Heating a Material with Negative temperature coefficient of resistance

TCR (Temperature Coefficient of Resistance): $$R = R_0[1 + α(T - T₀)]$$ Where: $$R$$ is the resistance at temperature $$T$$, $$R_0$$ is the resistance at a reference temperature $$T_0$$, $$\alpha$$ is the TCR of the material (in Ω/Ω/°C or 1/°C)

Joule's law: $$P = I^2 R$$ Where: $$P$$ is the power dissipated (in watts) $$I$$ is the current flowing through the resistor (in amperes) R is the resistance of the material (in ohms)

Problem: If a material has $$α=-5×10^{-4}$$, can that material be heated up using a current? If R decreases, I would increase since I = V/R (assuming power supply V is fixed), and P can either increase or remain the same (the increase in I compensate the decrease in R).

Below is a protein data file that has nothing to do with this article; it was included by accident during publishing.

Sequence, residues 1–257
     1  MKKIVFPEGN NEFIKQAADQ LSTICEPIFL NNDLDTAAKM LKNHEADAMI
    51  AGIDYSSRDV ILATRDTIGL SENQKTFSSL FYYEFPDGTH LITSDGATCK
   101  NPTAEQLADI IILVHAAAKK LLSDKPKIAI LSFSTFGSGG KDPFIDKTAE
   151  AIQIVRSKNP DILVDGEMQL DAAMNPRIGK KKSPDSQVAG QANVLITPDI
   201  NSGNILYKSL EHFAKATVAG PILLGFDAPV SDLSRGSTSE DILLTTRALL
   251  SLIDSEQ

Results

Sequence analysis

I'm confused which one is it?

• please use mathjax Apr 6 at 11:02

So, if you have thermal equilibrium, such that the rate of electrical heating is equal to the rate of convective heat loss from the resistor, the heat balance on the resistor reads $$\frac{V^2}{R}=hA(T-T_0)$$or $$\frac{V^2}{R_0}=hA(T-T_0)[1+\alpha(T-T_0)]$$where h is the convective heat transfer coefficient, A is the surface area of the resistor, and $$T_0$$ is the room temperature. This certainly can have a real positive root for T, depending on the other parameter values.